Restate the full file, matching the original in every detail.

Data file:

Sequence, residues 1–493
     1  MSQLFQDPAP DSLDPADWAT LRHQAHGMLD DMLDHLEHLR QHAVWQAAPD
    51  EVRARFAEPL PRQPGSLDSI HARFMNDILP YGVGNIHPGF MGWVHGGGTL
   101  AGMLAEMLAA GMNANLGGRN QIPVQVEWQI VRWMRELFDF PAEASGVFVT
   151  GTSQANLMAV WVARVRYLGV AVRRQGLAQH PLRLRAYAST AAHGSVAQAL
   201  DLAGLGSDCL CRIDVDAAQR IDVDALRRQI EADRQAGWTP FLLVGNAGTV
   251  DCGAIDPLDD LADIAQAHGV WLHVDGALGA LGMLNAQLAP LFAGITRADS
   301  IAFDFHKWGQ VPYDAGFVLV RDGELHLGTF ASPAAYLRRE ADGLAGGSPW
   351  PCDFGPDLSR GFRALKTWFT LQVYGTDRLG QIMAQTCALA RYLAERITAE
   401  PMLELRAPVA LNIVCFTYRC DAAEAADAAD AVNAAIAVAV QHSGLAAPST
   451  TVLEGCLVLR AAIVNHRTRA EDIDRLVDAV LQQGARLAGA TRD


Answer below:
Sequence, residues 1–493
     1  MSQLFQDPAP DSLDPADWAT LRHQAHGMLD DMLDHLEHLR QHAVWQAAPD
    51  EVRARFAEPL PRQPGSLDSI HARFMNDILP YGVGNIHPGF MGWVHGGGTL
   101  AGMLAEMLAA GMNANLGGRN QIPVQVEWQI VRWMRELFDF PAEASGVFVT
   151  GTSQANLMAV WVARVRYLGV AVRRQGLAQH PLRLRAYAST AAHGSVAQAL
   201  DLAGLGSDCL CRIDVDAAQR IDVDALRRQI EADRQAGWTP FLLVGNAGTV
   251  DCGAIDPLDD LADIAQAHGV WLHVDGALGA LGMLNAQLAP LFAGITRADS
   301  IAFDFHKWGQ VPYDAGFVLV RDGELHLGTF ASPAAYLRRE ADGLAGGSPW
   351  PCDFGPDLSR GFRALKTWFT LQVYGTDRLG QIMAQTCALA RYLAERITAE
   401  PMLELRAPVA LNIVCFTYRC DAAEAADAAD AVNAAIAVAV QHSGLAAPST
   451  TVLEGCLVLR AAIVNHRTRA EDIDRLVDAV LQQGARLAGA TRD